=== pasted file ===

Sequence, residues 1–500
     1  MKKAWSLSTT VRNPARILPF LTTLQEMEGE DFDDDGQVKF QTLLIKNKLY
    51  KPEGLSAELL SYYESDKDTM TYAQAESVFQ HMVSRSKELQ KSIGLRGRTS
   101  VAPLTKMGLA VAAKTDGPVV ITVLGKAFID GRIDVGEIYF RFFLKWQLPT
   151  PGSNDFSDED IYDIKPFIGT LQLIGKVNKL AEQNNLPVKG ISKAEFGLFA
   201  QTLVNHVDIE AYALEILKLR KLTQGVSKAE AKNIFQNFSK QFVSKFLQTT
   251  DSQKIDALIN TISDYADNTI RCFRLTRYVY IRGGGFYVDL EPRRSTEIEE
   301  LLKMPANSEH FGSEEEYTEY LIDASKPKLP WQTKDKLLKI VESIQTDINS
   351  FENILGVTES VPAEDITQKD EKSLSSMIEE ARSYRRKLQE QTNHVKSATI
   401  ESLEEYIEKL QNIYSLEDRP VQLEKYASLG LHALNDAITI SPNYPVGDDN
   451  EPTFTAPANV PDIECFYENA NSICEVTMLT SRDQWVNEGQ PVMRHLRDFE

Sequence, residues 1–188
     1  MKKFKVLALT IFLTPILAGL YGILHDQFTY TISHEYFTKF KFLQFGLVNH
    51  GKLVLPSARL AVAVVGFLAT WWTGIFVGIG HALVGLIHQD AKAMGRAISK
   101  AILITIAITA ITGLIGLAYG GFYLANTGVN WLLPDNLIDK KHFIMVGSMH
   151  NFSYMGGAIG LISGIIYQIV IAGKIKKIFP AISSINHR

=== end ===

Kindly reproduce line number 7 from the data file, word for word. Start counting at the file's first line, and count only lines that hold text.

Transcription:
   251  DSQKIDALIN TISDYADNTI RCFRLTRYVY IRGGGFYVDL EPRRSTEIEE